Why can’t I stop rewatching the same TV show?
I open my laptop and the familiar red, capital letters appear on my screen. I have every intention to try one of the movies or TV shows on my ‘watchlist’ that I have never seen before. But, once my homepage appears, staring me in the face is the ‘watch again’ section. ‘Modern Family’, ‘The US Office’ and ‘Friends’, all of which I have watched all the way through at least 5 times, seem so much more appealing than every other option.
Many of the ‘Gen-Z’ members can relate to this, and it got me thinking, why do we feel drawn to shows we already know? Does the theory that it is linked with depression and anxiety have some scientific evidence? Or is it just the ‘comfort food’ of TV?
Media Psychologist Pamela Rutledge claims that rewatching a movie or TV show that you know you enjoy can simply be a way of regulating your emotions, especially when you feel like you are lacking control in other aspects of your life. She says that it becomes therapeutic and creates a sense of safety and comfort. She does mention that it can be helpful (as a comfort device) when you’re feeling down or particularly stressed and anxious, but she does not suggest that if you rewatch shows you have depression and/or anxiety. Other scientists argue a similar theory, that simply repetition breeds affection (so rewatching shows is a way of controlling your emotions) – the ‘mere exposure effect’. Familiar things are easier to process, and are therefore more comforting. So, in fact the commonly believed theory that rewatching shows is a sign of mental health issues doesn’t actually have much truth behind it at all.
Could TV shows actually be ingrained in (and be important to) our routines? I could probably quote ‘Love Actually’ all the way through. I’ve seen it thousands of times, yet I continue to watch it every year around Christmas time, and I am not alone in doing this. This is a symbolic ritual – just like putting on the same show every night before you go to bed can actually become a part of your routine. Just like a child wanting to hear the same bedtime story every night before they go to bed, this becomes part of a comforting routine that can actually help you go to sleep.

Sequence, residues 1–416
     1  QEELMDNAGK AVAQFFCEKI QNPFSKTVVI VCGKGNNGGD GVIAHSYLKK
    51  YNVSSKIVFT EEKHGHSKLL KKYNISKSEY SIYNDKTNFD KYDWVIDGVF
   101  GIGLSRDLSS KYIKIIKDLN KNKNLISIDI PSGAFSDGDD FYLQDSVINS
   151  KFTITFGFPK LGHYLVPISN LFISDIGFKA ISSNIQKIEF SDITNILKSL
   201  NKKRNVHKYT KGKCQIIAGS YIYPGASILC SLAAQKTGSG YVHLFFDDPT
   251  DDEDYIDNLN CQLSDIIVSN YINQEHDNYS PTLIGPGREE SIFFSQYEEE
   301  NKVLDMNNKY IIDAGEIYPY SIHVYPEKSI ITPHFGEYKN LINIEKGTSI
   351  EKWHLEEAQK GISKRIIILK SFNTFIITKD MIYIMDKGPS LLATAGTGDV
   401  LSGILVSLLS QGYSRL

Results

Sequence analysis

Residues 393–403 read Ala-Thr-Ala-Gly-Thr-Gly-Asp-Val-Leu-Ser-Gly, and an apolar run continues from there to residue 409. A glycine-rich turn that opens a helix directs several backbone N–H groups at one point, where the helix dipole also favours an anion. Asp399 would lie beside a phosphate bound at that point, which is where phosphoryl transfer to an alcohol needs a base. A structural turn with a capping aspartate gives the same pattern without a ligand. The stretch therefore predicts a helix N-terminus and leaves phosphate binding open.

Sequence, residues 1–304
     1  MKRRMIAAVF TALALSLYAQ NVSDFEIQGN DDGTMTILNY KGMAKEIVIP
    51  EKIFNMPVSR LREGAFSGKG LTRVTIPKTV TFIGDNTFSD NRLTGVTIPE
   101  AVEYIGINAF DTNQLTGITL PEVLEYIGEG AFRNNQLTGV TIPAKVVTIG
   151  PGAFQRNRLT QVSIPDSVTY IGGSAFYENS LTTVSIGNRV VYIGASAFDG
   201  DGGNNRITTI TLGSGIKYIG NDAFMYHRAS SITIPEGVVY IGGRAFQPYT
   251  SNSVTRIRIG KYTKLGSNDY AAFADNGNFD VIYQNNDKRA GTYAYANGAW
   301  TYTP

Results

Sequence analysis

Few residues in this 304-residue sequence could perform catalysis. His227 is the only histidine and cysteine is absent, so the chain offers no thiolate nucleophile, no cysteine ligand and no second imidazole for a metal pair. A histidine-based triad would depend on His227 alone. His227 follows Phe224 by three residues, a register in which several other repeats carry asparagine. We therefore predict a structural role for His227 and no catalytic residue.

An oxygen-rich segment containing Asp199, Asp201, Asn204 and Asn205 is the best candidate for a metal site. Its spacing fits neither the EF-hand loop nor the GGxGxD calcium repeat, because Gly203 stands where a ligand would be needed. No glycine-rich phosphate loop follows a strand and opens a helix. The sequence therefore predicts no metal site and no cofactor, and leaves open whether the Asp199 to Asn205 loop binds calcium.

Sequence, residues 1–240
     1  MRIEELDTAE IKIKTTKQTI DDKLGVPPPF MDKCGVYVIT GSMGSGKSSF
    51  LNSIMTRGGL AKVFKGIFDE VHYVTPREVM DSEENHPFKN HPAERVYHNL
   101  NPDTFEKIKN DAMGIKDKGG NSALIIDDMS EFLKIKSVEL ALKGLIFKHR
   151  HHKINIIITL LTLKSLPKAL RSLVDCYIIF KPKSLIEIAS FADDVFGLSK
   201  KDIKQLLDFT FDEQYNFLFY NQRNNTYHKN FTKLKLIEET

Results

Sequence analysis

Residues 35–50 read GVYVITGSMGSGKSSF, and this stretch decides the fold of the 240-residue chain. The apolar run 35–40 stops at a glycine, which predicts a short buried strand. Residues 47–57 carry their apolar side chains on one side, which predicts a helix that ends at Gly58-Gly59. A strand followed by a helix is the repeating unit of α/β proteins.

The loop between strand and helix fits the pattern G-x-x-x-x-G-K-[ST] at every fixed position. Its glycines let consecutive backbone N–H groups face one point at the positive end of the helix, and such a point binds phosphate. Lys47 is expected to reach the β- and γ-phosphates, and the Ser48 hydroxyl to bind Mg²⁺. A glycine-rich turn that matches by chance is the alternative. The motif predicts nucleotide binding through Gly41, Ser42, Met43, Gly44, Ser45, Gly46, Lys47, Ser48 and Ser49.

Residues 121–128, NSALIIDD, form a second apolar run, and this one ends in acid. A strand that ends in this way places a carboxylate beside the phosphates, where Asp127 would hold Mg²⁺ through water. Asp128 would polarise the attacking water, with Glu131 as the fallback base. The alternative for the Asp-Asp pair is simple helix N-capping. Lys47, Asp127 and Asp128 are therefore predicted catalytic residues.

Another theory is that knowing what is going to happen next comes with a kind of power, which (apparently) can make you feel as though the characters are listening to your commands. Author of ‘On Repeat’, Elizabeth Margulis, labels this as ‘conjuring power’, suggesting that even though it is only in our heads, it brings immense satisfaction that only exists due to repetitive viewing. I am not so convinced on this theory, but who knows? Our minds do weird and wonderful things all the time without us even realising.
Professor Sheena Iyengar at Columbia University suggests another reason for the act of rewatching the same show over and over again on Netflix. She conducted a study that proves having too many options to choose from often leads to us feeling dissatisfied once we do decide, because we’re inclined to think that the other options could have been better. This means some Netflix users may actually blame the streaming service for giving us too much to choose from, psychologically forcing us to rewatch the same shows. So do we all just watch what we know because we simply cannot make a decision? I can’t disagree with that theory; I know that could definitely be a key factor when I click the watch again button.
So there we have it. I cannot find any scientific evidence that watching the same movies and TV shows over and over is linked to any mental health issues, and actually, what I have found is that we need to change the negative connotations associated with it. We often call this binge watching – which is often likened to negative actions such as ‘binge-drinking’ for example, but actually, rewatching TV shows can be an effective and important part of self-care. At the end of the day we should all do what makes us happy.